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Antarctica may have a new type of ice - diamonds
Reuters ^ | December 18 2013 | Paulin askin

Posted on 12/29/2013 9:20:36 PM PST by gooblah

(Reuters) - A kind of rock that often contains diamonds has been found in Antarctica for the first time, hinting at mineral riches in the vast, icy continent where mining is banned.

(Excerpt) Read more at reuters.com ...


TOPICS: Science
KEYWORDS: antarctica; diamonds

1 posted on 12/29/2013 9:20:36 PM PST by gooblah
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To: gooblah

I’m betting there’s enough oil and gas there to last 1,000 years and rare earth materials beyond your wildest dreams.


2 posted on 12/29/2013 9:34:51 PM PST by 2ndDivisionVet (A courageous man finds a way, an ordinary man finds an excuse.)
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To: gooblah

Based on the location of other known diatremes, combined with plate tectonics, I’ve been predicting diamond finds in the Antarctic for 40 years. The highly productive diamond-producing areas of Australia were conjoined with Antarctica before the break-up of Gondwandaland. In fact the diatremes may have been caused by the break-up.


3 posted on 12/29/2013 9:42:33 PM PST by Bernard Marx
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To: 2ndDivisionVet

I’m betting there’s enough oil and gas there to last 1,000 years and rare earth materials beyond your wildest dreams.


No doubt. The rub is who controls it and gathers the resources?


4 posted on 12/29/2013 9:45:02 PM PST by volunbeer (We must embrace austerity or austerity will embrace us)
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To: gooblah

Antarctica could see a population boom


5 posted on 12/29/2013 9:58:13 PM PST by GeronL (Extra Large Cheesy Over-Stuffed Hobbit)
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To: gooblah

What does the Antarctic Treaty say about mining?

There has never been any commercial mining in Antarctica thanks to the Antarctic Treaty which has completely banned mining under the Environmental Protocol. When the original treaty was signed in 1959, mining was not incorporated let alone formally discussed. The mining issue was first raised in 1970 by the UK and New Zealand who had been approached by mineral companies who were interested in exploration in the Southern Ocean.

Between 1982 and 1988 a set of tough environmental protection measures were set out under the Convention on the Regulation of Antarctic Mineral Resource Activities (CRAMRA). Under the convention, mining could take place if all parties agreed that there was no risk to the environment. The aim of the convention was to have a framework in place in the advance of any future mining. In 1989, France and Australia refused to sign the convention, saying that no mining should be allowed to take place in Antarctica - period. CRAMRA never entered into force but helped to provide the framework for the Environmental Protection Protocol. This entered into force in 1998.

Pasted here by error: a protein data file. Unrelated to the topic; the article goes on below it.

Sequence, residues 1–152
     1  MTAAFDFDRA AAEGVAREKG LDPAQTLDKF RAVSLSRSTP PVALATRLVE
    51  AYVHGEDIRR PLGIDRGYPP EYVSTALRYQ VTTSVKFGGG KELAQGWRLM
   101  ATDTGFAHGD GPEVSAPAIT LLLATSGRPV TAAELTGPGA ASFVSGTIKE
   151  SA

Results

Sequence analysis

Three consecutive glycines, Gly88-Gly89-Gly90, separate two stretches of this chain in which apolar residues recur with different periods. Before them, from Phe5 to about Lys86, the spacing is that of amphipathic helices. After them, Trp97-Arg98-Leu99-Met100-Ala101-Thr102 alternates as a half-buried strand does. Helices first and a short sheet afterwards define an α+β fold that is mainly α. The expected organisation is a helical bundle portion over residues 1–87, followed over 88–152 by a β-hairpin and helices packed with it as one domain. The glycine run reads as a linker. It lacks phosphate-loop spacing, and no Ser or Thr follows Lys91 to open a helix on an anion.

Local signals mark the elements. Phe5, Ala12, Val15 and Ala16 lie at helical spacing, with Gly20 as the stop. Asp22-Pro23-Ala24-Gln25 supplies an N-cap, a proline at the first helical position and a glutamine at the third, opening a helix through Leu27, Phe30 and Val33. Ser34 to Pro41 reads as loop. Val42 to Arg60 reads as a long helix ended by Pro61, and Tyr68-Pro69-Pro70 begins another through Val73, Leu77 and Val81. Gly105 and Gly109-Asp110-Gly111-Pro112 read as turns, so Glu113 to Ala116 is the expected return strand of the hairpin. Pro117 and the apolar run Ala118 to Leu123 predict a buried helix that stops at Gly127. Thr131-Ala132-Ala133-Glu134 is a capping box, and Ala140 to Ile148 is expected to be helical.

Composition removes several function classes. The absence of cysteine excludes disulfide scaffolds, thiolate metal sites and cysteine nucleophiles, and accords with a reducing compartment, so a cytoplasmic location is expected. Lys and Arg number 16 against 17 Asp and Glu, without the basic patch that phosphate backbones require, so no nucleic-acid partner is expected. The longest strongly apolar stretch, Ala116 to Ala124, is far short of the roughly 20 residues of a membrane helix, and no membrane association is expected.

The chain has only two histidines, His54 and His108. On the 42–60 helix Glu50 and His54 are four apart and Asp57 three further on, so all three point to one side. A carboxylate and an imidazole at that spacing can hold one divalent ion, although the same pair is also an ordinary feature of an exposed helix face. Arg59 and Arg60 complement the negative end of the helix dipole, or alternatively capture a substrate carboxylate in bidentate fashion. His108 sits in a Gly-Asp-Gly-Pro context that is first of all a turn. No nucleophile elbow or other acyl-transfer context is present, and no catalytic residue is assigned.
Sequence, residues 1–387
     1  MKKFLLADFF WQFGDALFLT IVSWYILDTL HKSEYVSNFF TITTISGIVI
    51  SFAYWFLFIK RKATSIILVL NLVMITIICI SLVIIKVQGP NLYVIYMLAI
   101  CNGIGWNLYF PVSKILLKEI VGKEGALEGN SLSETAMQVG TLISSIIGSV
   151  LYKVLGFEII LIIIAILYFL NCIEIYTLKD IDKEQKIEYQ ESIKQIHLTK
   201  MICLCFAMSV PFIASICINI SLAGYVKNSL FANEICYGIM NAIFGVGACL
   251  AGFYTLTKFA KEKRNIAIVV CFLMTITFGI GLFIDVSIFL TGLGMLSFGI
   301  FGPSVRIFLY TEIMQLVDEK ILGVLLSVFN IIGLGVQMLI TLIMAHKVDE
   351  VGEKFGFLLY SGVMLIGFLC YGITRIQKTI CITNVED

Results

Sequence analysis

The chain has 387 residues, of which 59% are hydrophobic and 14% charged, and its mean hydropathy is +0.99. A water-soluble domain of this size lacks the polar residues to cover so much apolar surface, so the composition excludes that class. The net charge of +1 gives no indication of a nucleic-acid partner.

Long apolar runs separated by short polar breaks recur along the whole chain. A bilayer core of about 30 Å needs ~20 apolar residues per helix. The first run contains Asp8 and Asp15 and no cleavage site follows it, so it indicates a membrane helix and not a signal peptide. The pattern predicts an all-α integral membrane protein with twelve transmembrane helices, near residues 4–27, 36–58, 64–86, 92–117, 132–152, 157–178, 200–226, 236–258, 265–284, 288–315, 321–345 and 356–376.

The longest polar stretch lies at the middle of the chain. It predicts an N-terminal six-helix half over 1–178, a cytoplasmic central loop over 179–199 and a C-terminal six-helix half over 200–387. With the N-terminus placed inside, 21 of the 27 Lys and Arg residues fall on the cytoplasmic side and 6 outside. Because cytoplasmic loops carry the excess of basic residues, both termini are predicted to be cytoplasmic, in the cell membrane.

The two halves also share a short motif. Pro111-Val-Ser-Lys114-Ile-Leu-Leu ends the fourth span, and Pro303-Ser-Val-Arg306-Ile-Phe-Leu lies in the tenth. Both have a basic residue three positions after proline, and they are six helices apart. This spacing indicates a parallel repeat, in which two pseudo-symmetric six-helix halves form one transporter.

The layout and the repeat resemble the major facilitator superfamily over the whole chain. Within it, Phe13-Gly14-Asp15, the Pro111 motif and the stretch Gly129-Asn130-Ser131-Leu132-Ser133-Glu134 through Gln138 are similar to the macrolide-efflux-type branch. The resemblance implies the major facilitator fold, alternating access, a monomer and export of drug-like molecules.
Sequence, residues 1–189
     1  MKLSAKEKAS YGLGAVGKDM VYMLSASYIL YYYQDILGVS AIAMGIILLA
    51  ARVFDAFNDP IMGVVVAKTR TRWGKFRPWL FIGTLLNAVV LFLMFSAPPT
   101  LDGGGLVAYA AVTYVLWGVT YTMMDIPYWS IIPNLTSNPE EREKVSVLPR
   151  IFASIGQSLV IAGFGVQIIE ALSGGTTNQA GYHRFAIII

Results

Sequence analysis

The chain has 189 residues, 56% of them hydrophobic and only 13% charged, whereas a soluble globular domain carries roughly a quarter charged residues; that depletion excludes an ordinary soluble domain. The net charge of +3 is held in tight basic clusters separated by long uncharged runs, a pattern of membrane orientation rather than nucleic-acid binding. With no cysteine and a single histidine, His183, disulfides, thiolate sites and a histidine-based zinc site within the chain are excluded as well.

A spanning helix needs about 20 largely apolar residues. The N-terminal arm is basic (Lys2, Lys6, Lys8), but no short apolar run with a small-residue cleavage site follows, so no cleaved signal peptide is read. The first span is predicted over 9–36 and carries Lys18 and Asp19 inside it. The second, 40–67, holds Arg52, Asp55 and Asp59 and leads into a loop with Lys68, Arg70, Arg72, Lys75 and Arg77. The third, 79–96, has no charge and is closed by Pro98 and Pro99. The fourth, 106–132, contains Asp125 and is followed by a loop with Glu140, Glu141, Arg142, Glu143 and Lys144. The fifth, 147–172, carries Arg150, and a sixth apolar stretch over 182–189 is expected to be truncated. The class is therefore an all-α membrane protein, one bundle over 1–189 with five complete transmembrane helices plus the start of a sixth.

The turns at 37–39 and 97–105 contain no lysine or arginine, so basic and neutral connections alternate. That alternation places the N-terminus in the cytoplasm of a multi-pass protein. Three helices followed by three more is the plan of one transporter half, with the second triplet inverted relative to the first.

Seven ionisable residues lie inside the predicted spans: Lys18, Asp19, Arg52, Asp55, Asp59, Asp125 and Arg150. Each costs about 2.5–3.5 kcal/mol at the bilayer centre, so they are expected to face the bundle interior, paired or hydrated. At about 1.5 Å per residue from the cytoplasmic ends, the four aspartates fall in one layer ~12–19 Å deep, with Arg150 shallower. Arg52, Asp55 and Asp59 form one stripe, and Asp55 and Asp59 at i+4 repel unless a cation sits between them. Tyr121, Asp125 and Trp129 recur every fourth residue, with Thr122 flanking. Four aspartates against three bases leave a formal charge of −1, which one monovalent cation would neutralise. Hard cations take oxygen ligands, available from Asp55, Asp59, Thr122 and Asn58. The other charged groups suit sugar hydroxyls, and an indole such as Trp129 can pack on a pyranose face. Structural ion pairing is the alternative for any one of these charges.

6 posted on 12/29/2013 10:06:43 PM PST by kcvl
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To: GeronL
The countries of the world happily shared Antarctica until now - the only inhabitants were researchers and scientists. Seems to be the one place on earth where people get along, since there's nothing there but ice.

Wonder how this situation will change if there's valuable minerals there?

7 posted on 12/29/2013 10:29:28 PM PST by ZOOKER (Until further notice the /s is implied...)
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To: 2ndDivisionVet
I’m betting there’s enough oil and gas there to last 1,000 years and rare earth materials beyond your wildest dreams.

If that is true, then I wonder if the Chinese will try to take it over? They seem to have a bent toward taking over areas with wealth potential.

8 posted on 12/30/2013 12:47:31 AM PST by Mark17 (Chicago Blackhawks: Stanley Cup champions 2010, 2013. Vietnam Veteran, 70-71)
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To: Mark17

They have one (used/refurbished) aircraft carrier with little experience in carrier operations. We have 20 aircraft carriers with highly trained crews and aircrews and almost 100 years experience.


9 posted on 12/30/2013 12:56:32 AM PST by 2ndDivisionVet (A courageous man finds a way, an ordinary man finds an excuse.)
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To: 2ndDivisionVet

We presently have 10 active carriers, not 20. Still a great many more than anybody else.


10 posted on 12/30/2013 5:57:24 AM PST by Sherman Logan
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Why is there such concern about environmental issues in a part oc the world where nothing lives? I can see reasonable protections , but not the outright banning. (At least until China decides it will be profitable to them, and nobody does a thing to stop them)


11 posted on 12/30/2013 9:44:04 AM PST by dsrtsage (One half of all people have below average IQ. In the US the number is 54%)
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To: ZOOKER

and eco-nuts who get stuck in record ice and declare it is melting...


12 posted on 12/30/2013 9:54:40 AM PST by GeronL (Extra Large Cheesy Over-Stuffed Hobbit)
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